|Obama spoke of the need to reform regulatory practives to better protect US citizens [EPA]
Here in Washington, the economic news is grim. A new government report says the number of people in the United States living in poverty increased by more than two million last year, to 39.8 million.
The official poverty rate jumped to an 11-year high, while household incomes fell across the board. Unemployment is currently at 9.7 per cent and increasing month by month.
Larry Summers, senior adviser to Barack Obama, the US president, says joblessness will likely remain high for years to come.
This is the legacy of failed laissez-faire, anti-regulation, risk-encouraging economic policies established under George Bush, the former president.
And it is before this backdrop that Obama went to New York on Monday, to give a major speech on Wall Street calling for reform of the financial system on the unpleasant anniversary of the collapse of Lehman Brothers, a US investment bank.
Obama spent considerable time congratulating himself for measures he has already taken, and indeed he deserves credit for quick action to stave off a second Great Depression.
Swift passage of the $787 billion stimulus package applied an essential tourniquet to stop the haemorrhaging of jobs and bankruptcies.
"Every credible economist, Democratic and Republican, said at the time we took office if we don't do something this could be a lot worse," Obama told the American TV programme '60 Minutes' on Sunday.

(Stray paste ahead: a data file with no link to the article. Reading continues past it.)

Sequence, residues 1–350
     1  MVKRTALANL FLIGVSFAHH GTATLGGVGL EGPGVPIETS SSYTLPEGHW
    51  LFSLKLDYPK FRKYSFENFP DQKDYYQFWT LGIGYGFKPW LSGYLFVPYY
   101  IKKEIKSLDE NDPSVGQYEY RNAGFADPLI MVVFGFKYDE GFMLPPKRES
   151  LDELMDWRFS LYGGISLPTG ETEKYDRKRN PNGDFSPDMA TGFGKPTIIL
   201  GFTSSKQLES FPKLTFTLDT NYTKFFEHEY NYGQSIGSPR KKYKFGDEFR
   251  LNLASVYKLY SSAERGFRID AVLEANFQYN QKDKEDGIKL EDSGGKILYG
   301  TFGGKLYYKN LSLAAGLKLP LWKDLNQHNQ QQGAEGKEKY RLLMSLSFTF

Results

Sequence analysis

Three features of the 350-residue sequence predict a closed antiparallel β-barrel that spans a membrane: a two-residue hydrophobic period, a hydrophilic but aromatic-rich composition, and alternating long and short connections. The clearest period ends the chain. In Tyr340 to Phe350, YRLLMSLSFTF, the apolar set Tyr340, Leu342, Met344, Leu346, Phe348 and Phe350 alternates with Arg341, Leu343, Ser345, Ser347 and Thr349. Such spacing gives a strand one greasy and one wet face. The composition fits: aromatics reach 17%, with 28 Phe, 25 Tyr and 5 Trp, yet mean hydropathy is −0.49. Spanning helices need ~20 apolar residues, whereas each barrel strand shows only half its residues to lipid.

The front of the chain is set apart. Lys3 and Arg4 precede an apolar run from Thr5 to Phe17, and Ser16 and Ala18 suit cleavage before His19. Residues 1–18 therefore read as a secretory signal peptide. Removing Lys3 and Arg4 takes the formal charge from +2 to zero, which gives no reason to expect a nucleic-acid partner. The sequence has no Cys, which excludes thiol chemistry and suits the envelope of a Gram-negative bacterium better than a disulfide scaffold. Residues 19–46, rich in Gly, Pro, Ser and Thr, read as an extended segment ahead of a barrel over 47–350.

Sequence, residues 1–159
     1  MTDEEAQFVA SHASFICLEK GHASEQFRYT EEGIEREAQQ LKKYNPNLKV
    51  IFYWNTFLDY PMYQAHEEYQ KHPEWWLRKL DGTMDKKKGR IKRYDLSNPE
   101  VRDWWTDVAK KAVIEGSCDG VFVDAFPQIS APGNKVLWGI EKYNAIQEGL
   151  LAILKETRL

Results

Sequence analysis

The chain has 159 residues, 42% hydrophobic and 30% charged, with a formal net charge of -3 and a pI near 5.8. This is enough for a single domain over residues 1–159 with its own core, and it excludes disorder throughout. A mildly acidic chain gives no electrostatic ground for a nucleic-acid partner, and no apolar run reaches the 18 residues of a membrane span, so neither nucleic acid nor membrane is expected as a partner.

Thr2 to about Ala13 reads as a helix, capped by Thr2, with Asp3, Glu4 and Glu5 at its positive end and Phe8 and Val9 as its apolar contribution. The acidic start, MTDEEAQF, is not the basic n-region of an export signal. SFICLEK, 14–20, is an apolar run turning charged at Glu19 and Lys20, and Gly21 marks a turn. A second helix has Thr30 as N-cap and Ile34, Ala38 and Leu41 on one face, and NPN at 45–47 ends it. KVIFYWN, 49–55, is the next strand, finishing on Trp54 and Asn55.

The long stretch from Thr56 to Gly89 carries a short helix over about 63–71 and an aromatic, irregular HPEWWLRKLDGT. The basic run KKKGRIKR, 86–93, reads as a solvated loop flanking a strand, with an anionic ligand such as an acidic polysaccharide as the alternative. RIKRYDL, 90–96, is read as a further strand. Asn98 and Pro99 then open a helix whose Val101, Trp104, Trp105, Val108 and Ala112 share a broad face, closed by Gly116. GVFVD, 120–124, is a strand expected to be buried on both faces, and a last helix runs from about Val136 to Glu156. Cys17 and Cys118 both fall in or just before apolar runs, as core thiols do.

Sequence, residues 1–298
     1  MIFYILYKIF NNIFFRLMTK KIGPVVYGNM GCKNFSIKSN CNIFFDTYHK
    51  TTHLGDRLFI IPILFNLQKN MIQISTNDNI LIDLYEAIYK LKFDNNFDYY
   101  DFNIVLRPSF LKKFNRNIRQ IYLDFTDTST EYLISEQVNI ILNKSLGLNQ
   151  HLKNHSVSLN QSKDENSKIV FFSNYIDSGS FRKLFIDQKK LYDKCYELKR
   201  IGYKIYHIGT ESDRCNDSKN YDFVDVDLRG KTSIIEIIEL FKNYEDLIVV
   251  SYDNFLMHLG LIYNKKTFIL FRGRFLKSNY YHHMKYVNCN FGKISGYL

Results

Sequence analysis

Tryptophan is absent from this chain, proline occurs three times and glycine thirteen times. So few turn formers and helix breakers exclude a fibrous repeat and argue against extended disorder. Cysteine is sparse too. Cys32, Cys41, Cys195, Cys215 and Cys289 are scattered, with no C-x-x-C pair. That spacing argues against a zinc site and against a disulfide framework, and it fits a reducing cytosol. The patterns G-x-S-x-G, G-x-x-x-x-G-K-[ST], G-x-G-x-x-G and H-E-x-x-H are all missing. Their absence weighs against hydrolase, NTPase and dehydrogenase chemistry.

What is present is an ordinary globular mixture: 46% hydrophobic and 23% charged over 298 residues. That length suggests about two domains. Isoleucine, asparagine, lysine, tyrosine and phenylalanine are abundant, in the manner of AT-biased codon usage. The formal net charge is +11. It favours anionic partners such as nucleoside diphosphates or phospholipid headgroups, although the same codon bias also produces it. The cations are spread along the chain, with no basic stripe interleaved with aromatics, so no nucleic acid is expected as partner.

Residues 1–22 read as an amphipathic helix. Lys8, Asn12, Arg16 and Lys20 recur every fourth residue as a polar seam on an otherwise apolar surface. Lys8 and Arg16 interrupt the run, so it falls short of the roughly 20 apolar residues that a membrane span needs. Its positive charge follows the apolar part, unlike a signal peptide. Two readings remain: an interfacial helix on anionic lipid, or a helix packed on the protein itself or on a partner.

Since January, he has stabilised the financial market. Credit is flowing again, car sales are rising and housing prices have settled somewhat.
"It was a failure of responsibility that allowed Washington to become a place where problems – including structural problems in our financial system – were ignored rather than solved"
Barack Obama, US president
"We can be confident that the storms of the past two years are beginning to break," Obama told his audience on Wall Street.
Members of the opposition Republican party had voted unanimously against the stimulus.
These days, many Republican politicians have taken up the refrain that "the stimulus isn’t working - it's a failure".
On the contrary, almost all economists agree the stimulus is responsible for staving off a catastrophe and is an essential driver of a return to growth.
The decision to save General Motors and Chrysler - another move that evoked howls of protest from the right of the political spectrum - prevented a cascading collapse of what is left of the US manufacturing industry.
If the car companies had shut down, as Republican politicians did their best to make happen, the unemployment rate would today be far above 10 per cent.
Their actions indicate Republicans and conservatives are hoping, praying, and actively working to ensure that the economy does not recover and instead becomes worse.
Protracted high unemployment will hurt Obama and the Democrats in the 2010 election. So it is quite clear that the opposition party's interest is in wrecking the economy even further. They did a pretty good job when in power.
But while much has been done to save jobs in the midst of the worst recession in generations, little has changed in the reckless, risk-taking culture of Wall Street, the source of financial contagion that sickened the world.